At the 2021 UN Climate Change Conference, 80 countries including Canada pledged to reduce methane emissions by 30% in 2030. Alberta, Canada’s largest greenhouse emitter is also Canada’s largest methane producer.
While the oil and gas industry has the greatest responsibility for the overall methane emitted, agriculture is the second-largest emitter of methane in Canada, being responsible for 29% of total methane emissions in Canada. In order to meet Canada’s methane reduction goals, agriculture will need to address its emissions as well.
In addition to being emitted through the creation of energy and petroleum systems, methane is emitted from organic waste, which is produced from farm animals such as cows. It is a far more efficient in trapping radiation than carbon dioxide.
In order to reduce methane emissions in agriculture, new techniques and technologies will be needed such as biodigesters and impermeable covers.
A biodigester can convert organic waste, like manure that produces methane to be digested into products that have good benefits. Such products are called digestate and biogas. Digestate can be used as fertilizer, and organic rich compost. Lastly biogas, this can be converted into renewable energy sources.
The Alberta government is promoting impermeable covers to control methane emissions. The science behind it is quite simple. The cover is a storage for organic waste, preventing any methane or liquids to pass through.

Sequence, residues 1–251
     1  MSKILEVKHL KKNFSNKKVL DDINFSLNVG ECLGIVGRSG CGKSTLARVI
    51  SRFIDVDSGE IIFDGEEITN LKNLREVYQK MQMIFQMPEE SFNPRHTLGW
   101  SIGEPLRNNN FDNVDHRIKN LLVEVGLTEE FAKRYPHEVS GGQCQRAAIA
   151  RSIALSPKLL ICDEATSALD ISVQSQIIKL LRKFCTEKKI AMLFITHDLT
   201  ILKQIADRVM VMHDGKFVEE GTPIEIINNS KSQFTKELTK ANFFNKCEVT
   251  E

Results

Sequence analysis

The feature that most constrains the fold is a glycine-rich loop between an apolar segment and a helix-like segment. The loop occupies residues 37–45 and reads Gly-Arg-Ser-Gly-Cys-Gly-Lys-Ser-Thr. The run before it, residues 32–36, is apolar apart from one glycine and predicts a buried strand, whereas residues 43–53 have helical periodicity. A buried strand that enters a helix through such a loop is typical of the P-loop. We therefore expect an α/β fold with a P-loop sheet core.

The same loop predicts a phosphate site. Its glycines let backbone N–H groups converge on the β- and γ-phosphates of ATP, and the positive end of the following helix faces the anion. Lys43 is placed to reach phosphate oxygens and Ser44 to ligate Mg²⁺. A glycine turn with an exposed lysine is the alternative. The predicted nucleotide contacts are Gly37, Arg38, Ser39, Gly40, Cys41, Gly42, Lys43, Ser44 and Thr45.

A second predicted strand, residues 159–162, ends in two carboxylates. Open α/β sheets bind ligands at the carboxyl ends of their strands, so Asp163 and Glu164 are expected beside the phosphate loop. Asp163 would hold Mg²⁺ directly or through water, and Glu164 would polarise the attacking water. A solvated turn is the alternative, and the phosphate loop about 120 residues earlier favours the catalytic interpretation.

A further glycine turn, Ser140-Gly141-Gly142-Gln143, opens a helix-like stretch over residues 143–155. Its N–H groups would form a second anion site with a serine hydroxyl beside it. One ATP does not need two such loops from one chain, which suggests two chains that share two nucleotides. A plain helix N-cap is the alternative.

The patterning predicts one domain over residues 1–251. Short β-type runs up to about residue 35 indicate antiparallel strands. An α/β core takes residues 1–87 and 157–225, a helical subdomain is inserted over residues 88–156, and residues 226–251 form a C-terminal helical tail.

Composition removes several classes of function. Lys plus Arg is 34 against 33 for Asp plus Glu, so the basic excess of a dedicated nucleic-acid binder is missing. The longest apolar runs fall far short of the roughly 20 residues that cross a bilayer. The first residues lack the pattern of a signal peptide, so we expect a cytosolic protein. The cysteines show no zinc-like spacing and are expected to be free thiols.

Other methods to control methane emissions include selectively breeding cows to produce animals that digest their food better and emit less methane as a result. Farmers can also slaughter cows earlier so that they produce less methane over the course of their lifetime.
The World leading meat exporter Brazil is employing diverse solutions to combat greenhouse gas emissions. An agricultural research corporation called Embrapa based in Brazil plants trees such as eucalyptus in cow pastures. The trees have a high nitrogen content, creating proteins making the feed more nutritious.
The trees have a positive impact: they speed up the growth rate of the cows, limiting greenhouse gas emissions.
As the population increases, meat demands will increase, leading to an urgent need for solutions to methane emissions. Katherine Hayhoe a scientist at Texas Tech University compares the global situation to being on an ambulance.
“If we are being loaded onto the ambulance, being taken to the hospital for a heart attack, it’s too late to say, ‘oh I’ll join the gym and I’ll eat healthy.’ We have to make those decisions earlier in the same way.”
Image by Frauke Feind from Pixabay